<div id='64ac6f8cNotes'>Can you hear me now? Really now?
    </div> <div class='deletethumbnail'>X</div>

with the photolistitem CSS class defined like this:

    position: relative;
    display: block;
    float: left;    
    list-style-type: none;
    height: 220px;    
    width: 170px;    
    padding: 10px;
    border: solid 1px khaki;
    margin: 12px;
    background: steelblue;
    text-align: center;

Note the float:left and the fixed width and height which is a requirement if you want to use the unordered list as a table like display. Items need to be the same size or else the items ends up not aligning properly...

With this layout in place all that needs to happen is to apply the .Sortable() call against the top level <ul> tag and the plug in does the rest, nice UI effects and all.

Saving Sorted Data

Because Sortable is a client side component sort changes are not automatically visible on the server. This means you'll need to somehow let the server know of the sort order update and push the data to the server via an AJAX callback. In the example above I'm using jQuery to reselect all the sorted items (.photolistitem class) and then reading the content from the controls into an array of objects that contains the Id (a hash) and the caption. The array is then sent back to the server via an AJAX callback. The update is triggered off a Save button on the page.

Here's what the JavaScript code for the save operation looks like:

function SavePhotos()
    var items = $(".photolistitem");
    var photos = [];
    for(var x=0; x<items.length; x++)
        var photo = {} = items[x].id;                
        photo.notes = textFromHtml( $(items[x]).find("div[id$=Notes]").html(),true);                
    var photoList = {};
    photoList.Photos = photos;
    photoList.Title = $("#lblTitle").text();    
    photoList.Description = textFromHtml( $("#lblDescription").html(),true);
    // *** Page JSON wrapper    
            function(result) { showMessage("Changes have been saved...",msgTimeout); },
    return photos;

On the server side a CallbackMethod (part of West Wind Ajax Toolkit, but you can point this at WCF REST or ASMX Ajax service) the data gets picked up like this:

public string SaveList(PhotoList photoList)
    // *** Write out sort order in increments of 10
    // *** Highest sort order goes to the top
    int sortCount = 10 * this.Album.Photos.Count;
    Album.AlbumName = photoList.Title.Trim();
    Album.AlbumDescription = photoList.Description.Trim();
    foreach (PhotoListItem changedPhoto in photoList.Photos)
        Photo photo = Album.Photos.GetPhotoByHashCode(changedPhoto.Id);
        if (photo == null)
        photo.Notes = changedPhoto.Notes.Trim(' ','\r','\n');
        photo.Updated = DateTime.Now;
        photo.SortOrder = sortCount;
        sortCount -= 10;
    // *** Re-sort the list to update the actual object layout
    // *** Save the album to disk 
    return "Ok";

The process is pretty straight forward. If your lists are large and push back lots of data you'd probably also implement some sort of IsDirty flag that determines whether an item has changed so only those items changed are sent to the server. However for sorting you definitely have to send all the items/ids so the server can properly reassemble the items and sort accordingly. It isn't automatic, but it ain't rocket science either.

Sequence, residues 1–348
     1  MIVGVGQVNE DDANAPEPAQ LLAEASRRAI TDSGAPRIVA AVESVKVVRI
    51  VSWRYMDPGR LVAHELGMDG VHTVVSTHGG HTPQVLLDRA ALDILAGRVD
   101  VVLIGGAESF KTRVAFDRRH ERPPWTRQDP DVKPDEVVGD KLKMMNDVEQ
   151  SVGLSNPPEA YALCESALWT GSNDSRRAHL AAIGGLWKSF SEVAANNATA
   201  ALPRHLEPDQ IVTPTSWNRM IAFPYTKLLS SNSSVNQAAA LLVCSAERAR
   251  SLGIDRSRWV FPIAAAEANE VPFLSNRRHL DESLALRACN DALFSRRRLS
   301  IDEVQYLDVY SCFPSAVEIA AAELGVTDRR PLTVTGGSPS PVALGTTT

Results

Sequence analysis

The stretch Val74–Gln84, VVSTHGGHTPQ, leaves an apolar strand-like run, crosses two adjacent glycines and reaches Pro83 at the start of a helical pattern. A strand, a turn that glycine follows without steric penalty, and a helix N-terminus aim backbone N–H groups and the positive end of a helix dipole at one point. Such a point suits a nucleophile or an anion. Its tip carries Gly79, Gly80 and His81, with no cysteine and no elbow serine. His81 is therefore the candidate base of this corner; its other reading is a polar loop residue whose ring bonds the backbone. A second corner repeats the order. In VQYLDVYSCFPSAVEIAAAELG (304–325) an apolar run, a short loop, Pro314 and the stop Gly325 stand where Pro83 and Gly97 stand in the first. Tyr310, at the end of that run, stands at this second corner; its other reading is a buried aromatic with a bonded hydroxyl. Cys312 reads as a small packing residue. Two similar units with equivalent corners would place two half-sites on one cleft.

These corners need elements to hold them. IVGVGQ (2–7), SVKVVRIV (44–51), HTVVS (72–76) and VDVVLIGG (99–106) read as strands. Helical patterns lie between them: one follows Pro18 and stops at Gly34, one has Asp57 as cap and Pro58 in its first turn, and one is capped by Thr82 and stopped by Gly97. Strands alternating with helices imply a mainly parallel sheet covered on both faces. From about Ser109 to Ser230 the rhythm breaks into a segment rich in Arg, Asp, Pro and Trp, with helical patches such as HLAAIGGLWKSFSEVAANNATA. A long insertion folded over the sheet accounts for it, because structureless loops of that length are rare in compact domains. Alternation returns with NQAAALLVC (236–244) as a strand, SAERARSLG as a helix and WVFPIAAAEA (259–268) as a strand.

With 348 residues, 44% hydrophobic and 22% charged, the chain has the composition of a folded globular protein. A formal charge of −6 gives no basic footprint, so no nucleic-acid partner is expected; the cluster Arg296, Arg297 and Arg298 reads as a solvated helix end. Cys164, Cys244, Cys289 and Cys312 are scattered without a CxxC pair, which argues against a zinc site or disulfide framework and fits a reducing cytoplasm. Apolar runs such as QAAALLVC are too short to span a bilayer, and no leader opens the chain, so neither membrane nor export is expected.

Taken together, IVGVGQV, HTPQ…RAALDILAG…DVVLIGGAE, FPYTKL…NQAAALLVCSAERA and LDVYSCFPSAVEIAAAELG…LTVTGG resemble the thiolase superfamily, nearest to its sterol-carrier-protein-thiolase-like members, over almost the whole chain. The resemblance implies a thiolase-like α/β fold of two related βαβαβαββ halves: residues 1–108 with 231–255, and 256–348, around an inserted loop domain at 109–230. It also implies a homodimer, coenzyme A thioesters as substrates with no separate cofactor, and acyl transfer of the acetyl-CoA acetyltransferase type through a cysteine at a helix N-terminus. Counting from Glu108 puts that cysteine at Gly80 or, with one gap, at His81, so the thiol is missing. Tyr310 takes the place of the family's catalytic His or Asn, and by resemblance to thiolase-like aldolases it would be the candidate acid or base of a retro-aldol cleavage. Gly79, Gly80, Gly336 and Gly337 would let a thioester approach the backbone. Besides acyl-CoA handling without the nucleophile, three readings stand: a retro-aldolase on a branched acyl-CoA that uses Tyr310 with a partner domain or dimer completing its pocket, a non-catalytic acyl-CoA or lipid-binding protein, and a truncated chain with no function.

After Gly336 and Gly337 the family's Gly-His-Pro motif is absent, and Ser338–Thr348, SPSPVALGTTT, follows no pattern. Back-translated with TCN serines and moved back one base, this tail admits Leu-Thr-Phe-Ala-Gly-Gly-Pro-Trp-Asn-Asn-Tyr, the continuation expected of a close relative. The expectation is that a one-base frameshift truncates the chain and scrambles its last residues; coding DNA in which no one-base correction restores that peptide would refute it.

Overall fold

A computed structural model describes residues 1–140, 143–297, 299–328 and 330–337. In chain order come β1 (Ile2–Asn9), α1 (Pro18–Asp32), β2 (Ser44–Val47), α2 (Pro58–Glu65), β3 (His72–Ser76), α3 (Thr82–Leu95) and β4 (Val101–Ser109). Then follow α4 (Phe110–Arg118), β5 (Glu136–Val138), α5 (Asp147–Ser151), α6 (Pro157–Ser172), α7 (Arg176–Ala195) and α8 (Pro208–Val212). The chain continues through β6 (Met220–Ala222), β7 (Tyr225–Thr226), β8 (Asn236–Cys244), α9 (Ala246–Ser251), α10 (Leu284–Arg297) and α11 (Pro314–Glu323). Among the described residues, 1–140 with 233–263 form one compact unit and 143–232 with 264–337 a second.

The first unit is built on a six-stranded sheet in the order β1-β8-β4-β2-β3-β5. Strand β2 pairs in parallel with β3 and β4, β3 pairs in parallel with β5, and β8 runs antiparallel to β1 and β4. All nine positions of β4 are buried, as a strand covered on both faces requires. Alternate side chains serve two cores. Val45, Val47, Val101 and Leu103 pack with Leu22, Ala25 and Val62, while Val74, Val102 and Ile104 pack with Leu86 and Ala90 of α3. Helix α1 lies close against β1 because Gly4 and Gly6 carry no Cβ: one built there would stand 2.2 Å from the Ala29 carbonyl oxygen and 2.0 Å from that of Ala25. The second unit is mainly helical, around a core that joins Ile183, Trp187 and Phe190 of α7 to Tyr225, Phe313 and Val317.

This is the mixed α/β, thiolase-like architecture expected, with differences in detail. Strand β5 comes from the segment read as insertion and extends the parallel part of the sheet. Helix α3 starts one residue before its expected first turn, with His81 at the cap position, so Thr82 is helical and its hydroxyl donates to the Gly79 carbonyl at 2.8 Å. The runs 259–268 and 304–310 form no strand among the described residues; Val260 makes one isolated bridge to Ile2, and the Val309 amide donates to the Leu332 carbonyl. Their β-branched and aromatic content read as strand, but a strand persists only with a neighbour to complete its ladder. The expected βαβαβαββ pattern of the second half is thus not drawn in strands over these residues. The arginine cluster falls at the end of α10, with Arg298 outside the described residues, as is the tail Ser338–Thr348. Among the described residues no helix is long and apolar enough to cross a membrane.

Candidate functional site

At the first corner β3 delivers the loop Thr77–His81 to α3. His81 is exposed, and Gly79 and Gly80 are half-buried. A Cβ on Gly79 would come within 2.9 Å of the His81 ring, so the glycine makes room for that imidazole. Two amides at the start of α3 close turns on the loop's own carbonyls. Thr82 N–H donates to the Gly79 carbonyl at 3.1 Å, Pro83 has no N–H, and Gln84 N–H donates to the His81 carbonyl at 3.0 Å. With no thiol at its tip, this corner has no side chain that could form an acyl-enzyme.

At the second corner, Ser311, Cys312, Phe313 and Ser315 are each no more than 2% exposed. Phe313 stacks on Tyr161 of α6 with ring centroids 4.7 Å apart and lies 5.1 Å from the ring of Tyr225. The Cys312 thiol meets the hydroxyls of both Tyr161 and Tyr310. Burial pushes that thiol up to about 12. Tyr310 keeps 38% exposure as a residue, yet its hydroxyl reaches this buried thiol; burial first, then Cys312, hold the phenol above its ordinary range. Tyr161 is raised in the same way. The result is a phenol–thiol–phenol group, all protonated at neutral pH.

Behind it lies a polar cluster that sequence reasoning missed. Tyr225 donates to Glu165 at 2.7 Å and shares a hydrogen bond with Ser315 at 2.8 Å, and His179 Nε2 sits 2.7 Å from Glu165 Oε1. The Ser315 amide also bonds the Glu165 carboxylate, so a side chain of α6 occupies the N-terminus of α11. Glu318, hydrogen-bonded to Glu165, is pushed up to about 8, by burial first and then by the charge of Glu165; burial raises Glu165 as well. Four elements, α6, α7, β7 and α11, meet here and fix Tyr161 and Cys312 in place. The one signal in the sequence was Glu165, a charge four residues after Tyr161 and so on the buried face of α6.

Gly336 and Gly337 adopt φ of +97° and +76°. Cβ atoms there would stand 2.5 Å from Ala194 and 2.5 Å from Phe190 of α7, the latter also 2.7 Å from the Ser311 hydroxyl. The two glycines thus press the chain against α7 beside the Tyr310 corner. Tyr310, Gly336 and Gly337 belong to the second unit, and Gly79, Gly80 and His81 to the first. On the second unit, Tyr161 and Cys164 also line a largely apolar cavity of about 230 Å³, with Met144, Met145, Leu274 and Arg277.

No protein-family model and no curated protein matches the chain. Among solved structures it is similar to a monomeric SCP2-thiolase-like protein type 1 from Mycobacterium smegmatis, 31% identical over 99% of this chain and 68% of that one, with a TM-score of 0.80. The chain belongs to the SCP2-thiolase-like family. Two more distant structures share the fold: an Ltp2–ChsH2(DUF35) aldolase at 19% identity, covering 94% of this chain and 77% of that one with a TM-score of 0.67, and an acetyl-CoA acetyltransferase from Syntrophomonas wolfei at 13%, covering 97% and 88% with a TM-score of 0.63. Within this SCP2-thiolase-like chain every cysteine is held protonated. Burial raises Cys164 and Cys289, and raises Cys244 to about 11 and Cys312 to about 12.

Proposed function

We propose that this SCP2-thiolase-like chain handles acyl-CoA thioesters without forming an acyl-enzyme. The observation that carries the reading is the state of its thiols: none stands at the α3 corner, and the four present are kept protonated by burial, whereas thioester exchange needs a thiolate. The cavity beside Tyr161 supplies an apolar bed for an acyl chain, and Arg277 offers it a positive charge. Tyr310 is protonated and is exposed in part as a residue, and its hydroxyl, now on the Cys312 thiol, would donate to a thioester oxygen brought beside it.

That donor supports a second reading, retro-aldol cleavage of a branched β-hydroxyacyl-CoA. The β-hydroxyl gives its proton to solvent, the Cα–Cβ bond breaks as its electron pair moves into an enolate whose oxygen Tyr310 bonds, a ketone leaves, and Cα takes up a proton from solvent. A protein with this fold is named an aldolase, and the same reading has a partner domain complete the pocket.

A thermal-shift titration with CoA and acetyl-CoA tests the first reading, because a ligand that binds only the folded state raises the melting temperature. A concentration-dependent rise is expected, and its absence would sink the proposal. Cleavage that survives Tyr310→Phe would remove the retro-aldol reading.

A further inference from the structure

jQuery UI - Wait for Version 1.5 or use the 1.5 Beta 2 now

When jQuery.ui 1.0 was first released I was pretty excited to see that there'd be a somewhat uniform UI library built ontop of jQuery. Unfortunately Version 1.0 was a really bad release with many of the components not even working out of the box. There were lots of issues with rendering and most of the components worked haphazardly with no consistency between the various control APIs. Most of the controls are based on third party plug-ins that have been drafted into the jQuery.ui API and in version 1.0 that really showed by way of the differing API interfaces.

Version 1.5 - which is not released yet, but available in beta form - fixes these issues with a complete overhaul of the jQuery.ui API. I've used quite a few of the 1.5b components and had no major problems. Many of the controls also have had a big face lift with much nicer UI and effects applied. Using the beta however requires that you also use an interim version of jQuery (1.2.4a). Prior to this release I'd been pulling jQuery out of the SVN repository, patching it together from the base source files, but with the beta 2 release there's now a synched version of jQuery included. If you want to use the beta you need to use this version or a newer one out of the SVN repository.

The current release of jQuery.ui and jQuery work well, but if you're squeamish about beta releases you might want to wait a bit for release.

[updated 4.28.2008 - jQuery.ui 1.5 was released earlier this month]

Online Sample:

Click on the Configuration link for the admin portion that includes the sortable code and component.

jQuery Samples for Downloading:

You can also download the full photo album sample along with a host of other ASP.NET / jQuery samples from: